Clergy Testify for Massachusetts to Divest


 As part of the national campaign initiated by 350.org to prompt colleges, cities, states, churches and denominations to divest from fossil fuels, the state Senate of Massachusetts is considering Massachusetts Senate Bill S. 1225.  On September 10, 2013, many citizens testified at the hearing for this bill, including numerous UCCers.  Below are the statements from two clergy, Reebee Girash (who just finished serving First Church Cambridge) and Rob Mark, Sr. Minister of Church of the Covenant in Boston.

Rev. Reebee Kavich Girash - State House Testimony, September 10, 2013
Massachusetts Senate Bill S. 1225
 
Thank you for the opportunity to speak to you today.  I am a pastor in the United Church of Christ, the largest Protestant denomination in the state – and we've recently passed a nationwide resolution urging the divestment of church held funds from fossil fuel companies, along with a similar resolution here in Massachusetts.  (For full details, visit macucc.org and ucc.org) 
 
Jesus instructed Christians to love our neighbors as we love ourselves – and this is a mandate we share with many traditions.  This mandate has a parallel in the State House when we consider that a primary responsibility of government is to ensure public health and safety. Not the wealth of individuals or corporations – government ensures that our society has the infrastructure to ensure the common good.  Making responsible choices in government is one way that our society cares for its neighbors.  Further, government bodies have greater capacity to ensure the common good than individuals or groups. 
 
Climate change is one of the key moral issues of our day. It has already had severe impacts on our neighbors in the Commonwealth and around the world, and as our weather systems and agricultural patterns further destabilize, it will increasingly become a matter of life and death.  Addressing climate change depends on more than what individuals can do via conservation – it depends on societal (governmental) action.  I am glad to see what Massachusetts is doing to reduce fossil fuel emissions and to implement the Global Warming Solutions Act, but with a problem so comprehensive and urgent, we must do more.   In the case of climate change, we need to close coal plants, build renewable energy production, tax polluters, offer a just and swift transition to green jobs for all fossil fuel workers, and invest the public's money in a responsible and moral fashion.  We must invest in a sustainable future for everyone in Massachusetts. As Rev. Fred Small says, "Money is always an instrument of moral choice."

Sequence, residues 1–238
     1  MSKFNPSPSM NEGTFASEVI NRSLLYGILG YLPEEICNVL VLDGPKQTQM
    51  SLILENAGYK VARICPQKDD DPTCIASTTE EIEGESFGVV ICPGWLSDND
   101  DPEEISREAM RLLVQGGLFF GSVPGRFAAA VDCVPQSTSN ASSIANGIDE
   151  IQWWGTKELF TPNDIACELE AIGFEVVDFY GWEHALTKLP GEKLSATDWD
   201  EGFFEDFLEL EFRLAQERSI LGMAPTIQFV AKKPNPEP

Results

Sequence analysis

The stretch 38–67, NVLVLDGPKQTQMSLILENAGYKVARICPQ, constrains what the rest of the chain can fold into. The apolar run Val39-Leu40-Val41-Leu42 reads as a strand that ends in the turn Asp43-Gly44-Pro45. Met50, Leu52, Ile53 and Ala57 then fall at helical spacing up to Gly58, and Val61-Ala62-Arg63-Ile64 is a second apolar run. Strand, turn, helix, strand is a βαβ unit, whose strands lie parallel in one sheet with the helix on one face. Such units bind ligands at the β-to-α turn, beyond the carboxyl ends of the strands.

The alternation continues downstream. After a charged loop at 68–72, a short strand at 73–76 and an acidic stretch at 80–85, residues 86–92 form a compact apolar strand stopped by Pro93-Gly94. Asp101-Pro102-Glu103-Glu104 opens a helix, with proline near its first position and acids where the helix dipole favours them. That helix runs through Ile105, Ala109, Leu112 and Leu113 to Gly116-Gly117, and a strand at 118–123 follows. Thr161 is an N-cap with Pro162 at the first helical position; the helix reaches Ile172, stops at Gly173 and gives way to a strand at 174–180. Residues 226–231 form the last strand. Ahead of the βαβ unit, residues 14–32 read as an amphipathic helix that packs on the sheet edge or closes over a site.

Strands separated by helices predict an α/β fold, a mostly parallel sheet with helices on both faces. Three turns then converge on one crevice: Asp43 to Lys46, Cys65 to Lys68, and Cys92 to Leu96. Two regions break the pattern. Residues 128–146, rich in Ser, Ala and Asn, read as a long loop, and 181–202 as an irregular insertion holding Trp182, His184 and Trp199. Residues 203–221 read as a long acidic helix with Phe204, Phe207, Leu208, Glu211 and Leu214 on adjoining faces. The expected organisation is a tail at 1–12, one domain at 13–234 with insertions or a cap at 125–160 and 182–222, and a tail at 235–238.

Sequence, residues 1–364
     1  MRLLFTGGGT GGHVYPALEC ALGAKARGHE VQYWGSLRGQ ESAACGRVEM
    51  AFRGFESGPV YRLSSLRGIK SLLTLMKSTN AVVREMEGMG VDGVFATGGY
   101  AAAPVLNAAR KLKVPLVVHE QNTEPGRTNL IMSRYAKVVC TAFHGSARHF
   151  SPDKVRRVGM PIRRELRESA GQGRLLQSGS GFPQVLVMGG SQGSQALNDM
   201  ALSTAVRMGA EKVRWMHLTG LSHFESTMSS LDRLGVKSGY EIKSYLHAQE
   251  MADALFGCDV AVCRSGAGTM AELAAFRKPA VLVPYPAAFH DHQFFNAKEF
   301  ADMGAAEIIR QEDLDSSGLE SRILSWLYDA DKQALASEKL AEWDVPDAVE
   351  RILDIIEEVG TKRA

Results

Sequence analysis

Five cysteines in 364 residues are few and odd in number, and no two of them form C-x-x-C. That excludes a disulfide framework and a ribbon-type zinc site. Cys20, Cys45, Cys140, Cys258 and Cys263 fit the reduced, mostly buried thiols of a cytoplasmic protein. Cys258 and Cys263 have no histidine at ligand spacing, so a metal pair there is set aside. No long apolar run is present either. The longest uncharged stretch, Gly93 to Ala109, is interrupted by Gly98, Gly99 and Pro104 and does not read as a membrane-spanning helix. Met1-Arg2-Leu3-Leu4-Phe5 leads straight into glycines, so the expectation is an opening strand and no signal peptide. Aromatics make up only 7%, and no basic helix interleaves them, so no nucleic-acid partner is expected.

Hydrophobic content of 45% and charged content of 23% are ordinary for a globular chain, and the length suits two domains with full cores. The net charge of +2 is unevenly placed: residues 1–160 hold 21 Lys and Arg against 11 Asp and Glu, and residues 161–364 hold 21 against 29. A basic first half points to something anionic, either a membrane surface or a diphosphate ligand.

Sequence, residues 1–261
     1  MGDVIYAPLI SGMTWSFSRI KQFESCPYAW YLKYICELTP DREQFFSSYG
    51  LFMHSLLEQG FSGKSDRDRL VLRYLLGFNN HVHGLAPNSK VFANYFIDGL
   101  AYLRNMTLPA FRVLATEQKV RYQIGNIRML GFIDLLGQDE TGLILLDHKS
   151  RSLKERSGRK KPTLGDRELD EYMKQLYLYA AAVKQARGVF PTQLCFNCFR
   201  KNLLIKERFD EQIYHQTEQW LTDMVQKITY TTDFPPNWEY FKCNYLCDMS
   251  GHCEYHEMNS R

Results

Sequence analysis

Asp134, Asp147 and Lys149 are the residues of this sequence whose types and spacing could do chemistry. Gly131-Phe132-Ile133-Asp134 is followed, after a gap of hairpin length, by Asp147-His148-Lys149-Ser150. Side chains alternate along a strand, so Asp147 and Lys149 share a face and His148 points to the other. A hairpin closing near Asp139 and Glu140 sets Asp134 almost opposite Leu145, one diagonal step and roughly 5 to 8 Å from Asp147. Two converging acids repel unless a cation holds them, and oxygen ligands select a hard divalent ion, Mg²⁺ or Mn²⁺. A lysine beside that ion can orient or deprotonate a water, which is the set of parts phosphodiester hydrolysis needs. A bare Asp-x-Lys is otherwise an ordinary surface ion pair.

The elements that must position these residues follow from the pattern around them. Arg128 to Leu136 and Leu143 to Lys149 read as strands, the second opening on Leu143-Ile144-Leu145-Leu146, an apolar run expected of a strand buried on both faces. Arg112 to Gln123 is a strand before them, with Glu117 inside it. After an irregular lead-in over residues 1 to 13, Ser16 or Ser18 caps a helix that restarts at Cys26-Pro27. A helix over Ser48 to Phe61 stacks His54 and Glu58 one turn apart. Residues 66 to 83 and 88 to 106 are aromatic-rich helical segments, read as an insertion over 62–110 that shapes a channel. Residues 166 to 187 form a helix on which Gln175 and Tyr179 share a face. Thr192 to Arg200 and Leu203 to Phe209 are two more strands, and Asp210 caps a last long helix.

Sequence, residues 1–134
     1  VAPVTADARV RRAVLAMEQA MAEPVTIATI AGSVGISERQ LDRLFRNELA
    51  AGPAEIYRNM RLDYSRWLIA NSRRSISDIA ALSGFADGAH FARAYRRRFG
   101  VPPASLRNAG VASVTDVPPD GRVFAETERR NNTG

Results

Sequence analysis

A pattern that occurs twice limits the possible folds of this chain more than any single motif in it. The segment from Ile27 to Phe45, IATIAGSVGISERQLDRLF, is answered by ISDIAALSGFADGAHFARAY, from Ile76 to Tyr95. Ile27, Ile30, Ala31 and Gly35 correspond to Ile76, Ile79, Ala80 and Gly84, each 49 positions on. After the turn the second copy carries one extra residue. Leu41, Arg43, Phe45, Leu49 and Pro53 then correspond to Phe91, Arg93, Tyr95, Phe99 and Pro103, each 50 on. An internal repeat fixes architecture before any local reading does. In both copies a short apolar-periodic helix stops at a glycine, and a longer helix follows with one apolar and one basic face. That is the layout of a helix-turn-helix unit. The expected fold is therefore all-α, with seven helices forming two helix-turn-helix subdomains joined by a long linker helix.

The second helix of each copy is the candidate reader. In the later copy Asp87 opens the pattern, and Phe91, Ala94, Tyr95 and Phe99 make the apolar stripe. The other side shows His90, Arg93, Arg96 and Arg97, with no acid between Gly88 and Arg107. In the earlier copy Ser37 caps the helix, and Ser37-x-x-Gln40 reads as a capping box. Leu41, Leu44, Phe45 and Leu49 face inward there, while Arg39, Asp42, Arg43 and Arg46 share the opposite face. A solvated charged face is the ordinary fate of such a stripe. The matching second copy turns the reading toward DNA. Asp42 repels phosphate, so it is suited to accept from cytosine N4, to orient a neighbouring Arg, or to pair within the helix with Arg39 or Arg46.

I urge the legislature to pass Senate Bill S. 1225 and divest our pension funds from $1.3 billion of fossil fuel industry holdings.  By showing leadership on this issue, the Commonwealth can influence the public narrative around climate change by making a prophetic statement with its money.  Divestment makes sense morally, environmentally, and financially.
 
Poet and farmer Wendell Berry wrote, “The care of the Earth is our most ancient and most worthy, and after all our most pleasing responsibility.  To cherish what remains of it and to foster its renewal is our only hope.”  So that Massachusetts may lead in the renewal of the earth, and build a better future by ensuring the health and welfare of all our neighbors, I urge the legislature to divest our state pension funds from fossil fuels.
 
Rev. Rob Mark - State House Testimony, September 10, 2013
Massachusetts Senate Bill S. 1225